Wallace, seniors go out with a bang in 74-63 victory over Wyoming

Fifth-year senior's four-point play highlights regular season finale for 17th-ranked UNLV

Never again will a scream in the face from Mike Moser or an accidental kick in the back from Reggie Smith feel so good for Kendall Wallace.

The reaction from the UNLV bench came in the midst of the signature moment of Wallace’s frustrating senior season — a four-point play that ultimately helped the Rebels pull away from Wyoming on Saturday night at the Thomas & Mack Center, 74-63.

“I couldn’t have planned it any better,” Wallace said. “I’m just thankful that I got the opportunity. It was kind of like a storybook type of thing that went on today.”

Wallace’s story is well-known by this point.

He missed the 2010-11 season with a torn anterior cruciate ligament in his right knee, but after coming back from the injury, cartilage damage in the same knee would provide a nagging issue for him to have to battle all season long as a fifty-year senior.

It wasn’t until the last two weeks in which Wallace felt like he was close to 100 percent.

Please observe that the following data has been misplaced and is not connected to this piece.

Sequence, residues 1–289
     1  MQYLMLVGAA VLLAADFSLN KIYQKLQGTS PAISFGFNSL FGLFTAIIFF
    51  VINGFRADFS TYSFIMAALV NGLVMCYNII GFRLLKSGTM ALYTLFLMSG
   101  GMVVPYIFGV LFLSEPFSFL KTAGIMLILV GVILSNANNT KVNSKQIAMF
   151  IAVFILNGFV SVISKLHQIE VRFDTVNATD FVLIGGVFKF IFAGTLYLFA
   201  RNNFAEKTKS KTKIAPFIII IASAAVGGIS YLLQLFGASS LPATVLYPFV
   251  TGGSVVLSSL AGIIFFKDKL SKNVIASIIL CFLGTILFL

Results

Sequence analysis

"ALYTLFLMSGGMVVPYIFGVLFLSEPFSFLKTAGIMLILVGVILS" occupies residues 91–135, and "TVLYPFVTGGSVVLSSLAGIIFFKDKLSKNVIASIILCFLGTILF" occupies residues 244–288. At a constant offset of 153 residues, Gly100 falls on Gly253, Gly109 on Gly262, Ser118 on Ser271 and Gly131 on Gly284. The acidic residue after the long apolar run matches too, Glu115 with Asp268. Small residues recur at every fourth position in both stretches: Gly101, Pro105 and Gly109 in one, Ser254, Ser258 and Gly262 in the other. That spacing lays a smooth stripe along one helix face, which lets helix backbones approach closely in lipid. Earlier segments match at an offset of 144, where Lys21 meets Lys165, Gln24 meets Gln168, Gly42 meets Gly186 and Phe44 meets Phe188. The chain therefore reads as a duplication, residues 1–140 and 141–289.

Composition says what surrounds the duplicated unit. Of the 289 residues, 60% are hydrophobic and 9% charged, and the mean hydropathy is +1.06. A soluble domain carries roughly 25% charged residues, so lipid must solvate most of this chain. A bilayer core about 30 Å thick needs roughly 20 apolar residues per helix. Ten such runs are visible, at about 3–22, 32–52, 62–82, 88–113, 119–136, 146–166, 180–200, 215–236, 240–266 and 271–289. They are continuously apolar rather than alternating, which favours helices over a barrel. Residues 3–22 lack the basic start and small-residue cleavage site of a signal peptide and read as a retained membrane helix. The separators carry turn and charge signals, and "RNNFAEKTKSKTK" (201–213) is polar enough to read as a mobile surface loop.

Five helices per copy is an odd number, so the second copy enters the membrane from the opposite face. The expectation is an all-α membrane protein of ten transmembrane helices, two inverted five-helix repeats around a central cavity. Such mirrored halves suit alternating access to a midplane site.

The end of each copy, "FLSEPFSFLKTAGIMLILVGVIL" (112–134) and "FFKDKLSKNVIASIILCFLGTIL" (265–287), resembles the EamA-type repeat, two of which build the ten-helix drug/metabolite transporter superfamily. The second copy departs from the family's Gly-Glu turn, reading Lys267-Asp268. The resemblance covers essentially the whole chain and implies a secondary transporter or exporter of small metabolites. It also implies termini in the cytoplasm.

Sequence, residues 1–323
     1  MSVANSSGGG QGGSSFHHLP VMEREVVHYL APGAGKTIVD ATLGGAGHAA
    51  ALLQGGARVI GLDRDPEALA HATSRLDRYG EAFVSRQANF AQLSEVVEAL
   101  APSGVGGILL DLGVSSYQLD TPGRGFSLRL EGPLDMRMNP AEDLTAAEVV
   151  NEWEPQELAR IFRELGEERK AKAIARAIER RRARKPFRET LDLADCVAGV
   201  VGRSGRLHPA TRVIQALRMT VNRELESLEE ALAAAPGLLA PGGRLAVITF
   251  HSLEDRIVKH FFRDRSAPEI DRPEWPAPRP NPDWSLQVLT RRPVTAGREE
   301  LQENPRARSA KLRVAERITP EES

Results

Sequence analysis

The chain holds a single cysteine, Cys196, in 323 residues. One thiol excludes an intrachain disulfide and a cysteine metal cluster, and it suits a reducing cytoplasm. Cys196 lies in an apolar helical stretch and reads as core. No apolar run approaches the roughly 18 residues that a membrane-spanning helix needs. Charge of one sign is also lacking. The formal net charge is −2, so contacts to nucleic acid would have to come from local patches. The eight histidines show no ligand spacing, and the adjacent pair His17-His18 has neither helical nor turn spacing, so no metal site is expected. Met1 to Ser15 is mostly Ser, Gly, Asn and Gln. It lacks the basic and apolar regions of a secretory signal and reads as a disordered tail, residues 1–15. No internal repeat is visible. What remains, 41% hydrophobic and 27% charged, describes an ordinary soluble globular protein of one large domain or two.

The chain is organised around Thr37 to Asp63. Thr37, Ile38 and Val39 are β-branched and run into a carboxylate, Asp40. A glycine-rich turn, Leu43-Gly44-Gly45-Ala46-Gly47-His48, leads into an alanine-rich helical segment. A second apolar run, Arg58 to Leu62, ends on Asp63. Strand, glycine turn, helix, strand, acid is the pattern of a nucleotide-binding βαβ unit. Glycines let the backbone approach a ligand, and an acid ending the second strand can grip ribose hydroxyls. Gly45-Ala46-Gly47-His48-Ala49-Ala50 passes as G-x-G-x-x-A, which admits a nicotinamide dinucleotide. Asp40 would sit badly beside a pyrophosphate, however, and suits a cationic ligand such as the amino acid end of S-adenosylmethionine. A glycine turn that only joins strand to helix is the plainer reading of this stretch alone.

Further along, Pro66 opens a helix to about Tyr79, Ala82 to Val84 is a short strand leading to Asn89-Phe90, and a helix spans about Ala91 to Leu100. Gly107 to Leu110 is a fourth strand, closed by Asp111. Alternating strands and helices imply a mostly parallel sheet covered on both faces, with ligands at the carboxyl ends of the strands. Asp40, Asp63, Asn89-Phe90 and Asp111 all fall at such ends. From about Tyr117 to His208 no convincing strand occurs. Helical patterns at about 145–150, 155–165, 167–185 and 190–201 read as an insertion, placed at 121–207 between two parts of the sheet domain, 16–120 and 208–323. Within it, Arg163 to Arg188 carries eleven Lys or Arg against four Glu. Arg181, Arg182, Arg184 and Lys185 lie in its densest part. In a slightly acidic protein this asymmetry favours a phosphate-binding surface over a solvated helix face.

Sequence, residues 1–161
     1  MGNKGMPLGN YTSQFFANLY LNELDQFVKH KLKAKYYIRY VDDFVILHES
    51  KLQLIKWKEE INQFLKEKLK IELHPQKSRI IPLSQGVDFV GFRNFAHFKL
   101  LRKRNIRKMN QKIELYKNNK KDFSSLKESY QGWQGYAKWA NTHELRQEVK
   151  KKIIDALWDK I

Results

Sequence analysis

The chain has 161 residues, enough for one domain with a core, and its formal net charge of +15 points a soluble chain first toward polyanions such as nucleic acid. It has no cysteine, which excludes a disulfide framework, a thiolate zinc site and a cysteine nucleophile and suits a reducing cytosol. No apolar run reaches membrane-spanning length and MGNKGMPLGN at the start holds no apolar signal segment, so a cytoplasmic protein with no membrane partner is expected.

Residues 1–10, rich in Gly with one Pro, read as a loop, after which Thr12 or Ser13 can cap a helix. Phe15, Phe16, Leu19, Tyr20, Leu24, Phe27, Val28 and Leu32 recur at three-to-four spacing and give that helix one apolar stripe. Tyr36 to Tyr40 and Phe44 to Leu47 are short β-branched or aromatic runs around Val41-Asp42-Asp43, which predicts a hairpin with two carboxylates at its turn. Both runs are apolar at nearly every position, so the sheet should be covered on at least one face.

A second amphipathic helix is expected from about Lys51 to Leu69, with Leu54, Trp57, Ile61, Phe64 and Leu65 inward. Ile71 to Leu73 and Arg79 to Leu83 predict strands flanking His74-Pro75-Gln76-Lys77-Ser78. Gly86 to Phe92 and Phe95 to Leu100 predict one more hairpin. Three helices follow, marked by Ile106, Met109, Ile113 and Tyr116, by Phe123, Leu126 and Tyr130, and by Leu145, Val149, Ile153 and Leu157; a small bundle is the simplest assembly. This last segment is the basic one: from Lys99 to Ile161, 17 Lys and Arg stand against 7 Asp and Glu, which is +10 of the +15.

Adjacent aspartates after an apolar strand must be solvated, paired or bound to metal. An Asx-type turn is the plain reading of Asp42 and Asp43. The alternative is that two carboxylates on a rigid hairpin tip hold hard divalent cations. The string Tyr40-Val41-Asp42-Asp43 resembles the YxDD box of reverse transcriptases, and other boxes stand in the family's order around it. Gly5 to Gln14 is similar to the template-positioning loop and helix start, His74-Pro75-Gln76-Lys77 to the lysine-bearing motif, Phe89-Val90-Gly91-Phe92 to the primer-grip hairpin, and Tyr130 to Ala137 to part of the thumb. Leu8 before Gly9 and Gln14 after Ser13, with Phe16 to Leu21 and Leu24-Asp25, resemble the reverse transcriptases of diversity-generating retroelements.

Just in time for him to get the starting nod in his final home game.

In a game that never really had much flow, was abnormally physical and was slowed down by 46 foul calls, Wallace gave UNLV (25-7 overall, 9-5 Mountain West) all of the push it needed in the second half when leading the pesky Cowboys (20-10, 6-8) by a slim margin at 50-47 with 12 minutes left to play.

First, off of a kick-out to the right wing by fellow senior Oscar Bellfield, Wallace cashed a 3-pointer that brought a sell-out crowd of 18,577 to life. A minute later, on a nearly identical play, Wallace hit the same shot, this time ketting knocked to the deck in the process by Wyoming’s Paco Cruz.

He fell in front of the bench, and every one of his teammates surrounded Wallace in celebration as the building practically erupted.

Wyoming had scratched and clawed to stay close all night, but with two swift blows, Wallace scored seven straight points and put them in a hole deep enough that they couldn’t seriously threaten again.

Wallace has had his share of huge moments along the way during his lengthy UNLV career, such as a four-point play against Northern Arizona for his first career points or a 21-point explosion that saved the Rebels in a road game at New Mexico two years ago.

First-year coach Dave Rice had said all along through Wallace’s struggles that at some point, he’d be needed to come up big for the Rebels. And on Saturday it did.

Combining the situation in the game with the pageantry and finality of Senior Night, this one ranks right up there with the other key highlights in Wallace’s career. He finished the night going 3-of-4 from long range and with a season-high 14 points.

“I’ll never forget it,” Wallace said. “Your college career is about making memories, and that’s one of the better ones I’ve had so far.”

Wallace wasn’t the only senior to come up big on Saturday.